Innovative golf club design is good news for decent players and even better news for mediocre ones
Words by Alex Moore
The fairway: a hotbed of tantrums. If a groundskeeper had a pound for every wrath-induced divot they had to iron out… we’d all be groundskeepers. Only, it’s getting increasingly difficult to blame your club for those rotten shots. For golf’s equipment manufacturers are tireless in their innovation, and the fruits of their labours are genuinely transforming players’ games – with technical improvements that can potentially turn any half-decent player into, well, a decent one.
“Every year, the manufacturers come out with something new, better, more exciting,” says Bunkered magazine’s Michael McEwan. “And just when you think they’ve reached the pinnacle of what they can achieve, they amaze you with something else.”
Callaway Golf has always been among the most pioneering of manufacturers. The brand used artificial intelligence to develop its latest clubs, the Epic Flash series, using a machinelearning algorithm and supercomputer to reduce what might have been 30 years of product design to a matter of days. The club’s “Flash Face” is the product of 15,000 virtual prototypes, each developed from the previous one, until the computer arrived at the best design to match the brief. It bears no resemblance to anything else Callaway has ever designed.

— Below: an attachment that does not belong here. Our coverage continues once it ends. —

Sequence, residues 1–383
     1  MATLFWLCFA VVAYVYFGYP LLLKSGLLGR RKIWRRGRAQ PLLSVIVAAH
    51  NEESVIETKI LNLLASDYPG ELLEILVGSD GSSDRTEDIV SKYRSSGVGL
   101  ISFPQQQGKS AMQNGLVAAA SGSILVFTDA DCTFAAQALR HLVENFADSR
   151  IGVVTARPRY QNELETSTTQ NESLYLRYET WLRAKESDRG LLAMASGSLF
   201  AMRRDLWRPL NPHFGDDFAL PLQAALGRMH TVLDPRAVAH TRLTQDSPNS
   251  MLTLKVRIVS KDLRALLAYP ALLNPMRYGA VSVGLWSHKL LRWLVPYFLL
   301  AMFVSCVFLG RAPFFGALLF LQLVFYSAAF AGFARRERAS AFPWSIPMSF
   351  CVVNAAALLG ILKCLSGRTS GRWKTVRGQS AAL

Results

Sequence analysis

“Manufacturers have been focusing on clubs that help you hit the ball further since the days of hickory clubs,” explains McEwan. “These days, however, as much thought goes into the size of the ‘sweet spot’. It’s larger now, so there’s a better chance of hitting the ball with the right part of the clubface. We call it a more ‘forgiving’ face. There’s more room for error.” It’s this kind of development that is quite literally a game-changer.
What’s more, some of the best off-the-rack clubs are now fully customisable. TaylorMade’s new M5 employs moveable weights in the clubhead that can be repositioned to get the optimal launch conditions for a player’s individual swing. This allows club engineers to “dial in” the club to specific settings – 21,000 specific settings, to be precise.
“Ultimately, club manufacturers aim to increase people’s enjoyment of playing golf and they do that in two ways,” explains McEwan. “One: the ability to hit further. And two: the ability to hit the ball and keep it in play. If you can do both of those things, chances are you’re going to be a good golfer. And a good golfer tends to be a happy golfer.”
If you are interested in upgrading your clubs, the Golf At Goodwood Academy offers a complimentary custom fitting service using the latest technology in Trackman and the SAM PuttLab system. Take your pick from the latest clubs from Callaway, Mizuno, Titleist and Ping.
This article was taken from the Summer 2019 edition of the Goodwood Magazine.